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This aeolid nudibranch has a symbiotic relationship with zooxanthellae, one-celled plants that photosynthesize (hence the 'solar-powerd' monicker). It feeds on -- and camouflages with -- the soft coral, Briareum violacea, but also benefits from the zooxanthellate photosynthesis. (On the nudibranch's skin you can see brown flecks, which are the zooxanthellae.) Looking at the nudibranch, it's very difficult to make out which part is the head and which part is the tail. The head can be located by looking for its rhinophores, which appear straighter and shorter than the other "tentacles". Below those is another pair of straight tentacles, which are actually its oral tentacles. The rest, which are usually curved in apearance, are the animal's cerata. All of these yellow-tipped tentacles, as well as its body, are brown in color.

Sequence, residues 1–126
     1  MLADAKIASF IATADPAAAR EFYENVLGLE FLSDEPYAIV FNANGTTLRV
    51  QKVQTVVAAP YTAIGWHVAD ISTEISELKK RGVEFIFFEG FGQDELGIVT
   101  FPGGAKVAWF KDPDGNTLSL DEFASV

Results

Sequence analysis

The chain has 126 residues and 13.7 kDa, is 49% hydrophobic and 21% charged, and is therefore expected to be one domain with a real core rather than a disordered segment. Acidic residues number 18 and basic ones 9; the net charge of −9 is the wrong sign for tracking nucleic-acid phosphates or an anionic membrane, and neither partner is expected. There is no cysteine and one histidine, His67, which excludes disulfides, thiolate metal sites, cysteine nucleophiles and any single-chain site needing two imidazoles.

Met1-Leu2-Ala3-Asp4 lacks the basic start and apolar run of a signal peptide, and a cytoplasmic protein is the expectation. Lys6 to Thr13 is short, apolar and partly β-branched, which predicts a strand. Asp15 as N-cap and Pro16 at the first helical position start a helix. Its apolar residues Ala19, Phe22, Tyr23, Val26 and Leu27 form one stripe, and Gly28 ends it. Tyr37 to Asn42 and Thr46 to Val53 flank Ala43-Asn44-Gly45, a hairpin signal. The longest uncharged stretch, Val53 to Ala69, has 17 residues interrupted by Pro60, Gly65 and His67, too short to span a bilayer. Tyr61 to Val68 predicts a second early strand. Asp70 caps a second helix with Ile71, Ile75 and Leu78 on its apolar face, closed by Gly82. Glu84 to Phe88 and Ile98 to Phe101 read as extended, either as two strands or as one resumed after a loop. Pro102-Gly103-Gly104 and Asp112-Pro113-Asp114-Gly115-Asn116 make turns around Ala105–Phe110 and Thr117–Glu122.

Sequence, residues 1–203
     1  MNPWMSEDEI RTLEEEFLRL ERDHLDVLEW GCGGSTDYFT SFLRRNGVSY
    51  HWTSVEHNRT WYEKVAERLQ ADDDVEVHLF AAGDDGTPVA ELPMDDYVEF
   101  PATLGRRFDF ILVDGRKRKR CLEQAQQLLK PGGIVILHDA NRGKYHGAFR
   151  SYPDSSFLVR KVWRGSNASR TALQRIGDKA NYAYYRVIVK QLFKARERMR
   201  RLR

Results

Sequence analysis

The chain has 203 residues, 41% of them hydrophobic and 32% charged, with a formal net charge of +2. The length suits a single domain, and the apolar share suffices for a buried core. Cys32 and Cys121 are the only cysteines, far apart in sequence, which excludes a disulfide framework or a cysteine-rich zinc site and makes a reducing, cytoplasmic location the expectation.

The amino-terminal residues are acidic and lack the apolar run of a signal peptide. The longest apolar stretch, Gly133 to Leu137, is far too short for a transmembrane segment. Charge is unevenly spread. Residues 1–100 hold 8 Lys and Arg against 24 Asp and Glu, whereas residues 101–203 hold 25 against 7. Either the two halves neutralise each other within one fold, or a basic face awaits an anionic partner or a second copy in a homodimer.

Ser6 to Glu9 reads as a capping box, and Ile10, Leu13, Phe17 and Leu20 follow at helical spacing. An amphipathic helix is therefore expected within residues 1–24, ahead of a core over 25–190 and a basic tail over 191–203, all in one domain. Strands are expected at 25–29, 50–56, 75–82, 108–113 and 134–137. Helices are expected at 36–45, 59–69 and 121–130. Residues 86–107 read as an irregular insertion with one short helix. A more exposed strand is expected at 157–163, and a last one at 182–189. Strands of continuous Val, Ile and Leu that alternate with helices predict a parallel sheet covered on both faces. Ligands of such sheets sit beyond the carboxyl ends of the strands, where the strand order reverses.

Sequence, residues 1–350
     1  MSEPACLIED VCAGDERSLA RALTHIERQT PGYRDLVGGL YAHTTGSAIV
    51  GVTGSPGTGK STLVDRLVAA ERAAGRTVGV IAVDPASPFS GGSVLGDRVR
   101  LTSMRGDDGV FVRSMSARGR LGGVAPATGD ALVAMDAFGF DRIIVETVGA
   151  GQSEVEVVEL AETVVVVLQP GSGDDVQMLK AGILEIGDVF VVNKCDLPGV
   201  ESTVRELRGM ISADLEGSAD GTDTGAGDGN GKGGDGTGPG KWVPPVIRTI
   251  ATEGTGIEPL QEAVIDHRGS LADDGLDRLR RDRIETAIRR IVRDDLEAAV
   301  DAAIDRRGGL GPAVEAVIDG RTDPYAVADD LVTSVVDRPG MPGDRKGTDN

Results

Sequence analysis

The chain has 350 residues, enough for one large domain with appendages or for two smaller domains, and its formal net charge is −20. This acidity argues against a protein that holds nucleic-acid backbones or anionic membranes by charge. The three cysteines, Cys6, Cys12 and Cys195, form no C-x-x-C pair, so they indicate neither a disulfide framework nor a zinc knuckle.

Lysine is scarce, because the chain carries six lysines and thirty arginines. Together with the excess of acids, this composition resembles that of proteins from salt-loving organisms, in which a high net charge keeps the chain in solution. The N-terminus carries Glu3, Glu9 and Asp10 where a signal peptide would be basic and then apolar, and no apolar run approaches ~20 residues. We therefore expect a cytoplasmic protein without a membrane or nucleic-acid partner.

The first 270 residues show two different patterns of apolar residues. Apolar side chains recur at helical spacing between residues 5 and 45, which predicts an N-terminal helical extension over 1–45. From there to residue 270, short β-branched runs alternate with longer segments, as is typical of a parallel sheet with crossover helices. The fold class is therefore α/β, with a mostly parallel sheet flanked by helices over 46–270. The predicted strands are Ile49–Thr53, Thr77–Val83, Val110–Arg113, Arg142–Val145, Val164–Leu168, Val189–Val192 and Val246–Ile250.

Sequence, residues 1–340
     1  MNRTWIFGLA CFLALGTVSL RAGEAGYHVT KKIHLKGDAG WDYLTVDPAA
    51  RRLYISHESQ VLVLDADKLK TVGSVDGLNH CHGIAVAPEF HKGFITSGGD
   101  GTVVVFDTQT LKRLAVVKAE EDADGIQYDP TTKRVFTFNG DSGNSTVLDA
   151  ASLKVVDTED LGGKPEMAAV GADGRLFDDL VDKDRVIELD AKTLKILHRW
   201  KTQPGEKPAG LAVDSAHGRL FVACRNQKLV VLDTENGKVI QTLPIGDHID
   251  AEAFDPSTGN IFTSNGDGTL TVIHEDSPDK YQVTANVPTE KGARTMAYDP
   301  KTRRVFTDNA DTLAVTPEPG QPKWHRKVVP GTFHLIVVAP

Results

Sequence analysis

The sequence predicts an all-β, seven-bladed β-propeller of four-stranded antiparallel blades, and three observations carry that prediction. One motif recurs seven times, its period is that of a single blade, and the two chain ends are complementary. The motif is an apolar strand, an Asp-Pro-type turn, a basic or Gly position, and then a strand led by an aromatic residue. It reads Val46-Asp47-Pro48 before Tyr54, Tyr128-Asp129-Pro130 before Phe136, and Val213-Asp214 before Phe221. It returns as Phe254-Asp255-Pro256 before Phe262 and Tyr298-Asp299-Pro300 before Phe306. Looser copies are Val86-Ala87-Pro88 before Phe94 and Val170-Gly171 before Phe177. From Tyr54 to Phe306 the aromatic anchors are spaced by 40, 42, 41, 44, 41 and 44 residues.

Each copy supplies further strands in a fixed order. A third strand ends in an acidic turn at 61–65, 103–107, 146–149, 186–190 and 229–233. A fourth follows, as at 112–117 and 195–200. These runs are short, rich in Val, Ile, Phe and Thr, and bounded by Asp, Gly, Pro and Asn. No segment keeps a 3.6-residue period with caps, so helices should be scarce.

In shallow waters of the Indo-Pacific region (including Australia). This nudibranch needs to keep its resident zooxanthellae alive, hence its existence at depths where the sun's rays can still penetrate.
Spotted this interesting nudibranch at a depth of only 5.8m, off the northeastern coast of Samal Island, Philippines. It measured approximately 2cm long. The first photo is a frontal view of the nudibranch: you'll see two straight tentacles making a "V", those are its rhinophores. The second picture shows it from the right side. The third is a view from the top, showing the animal in a vertical position. The last photo is also a top view but lengthwise or horizontal. Here you can clearly make out the body of the nudibranch, tipped by its rhinophores on the right.
Spotted on May 13, 2012
Submitted on May 14, 2012
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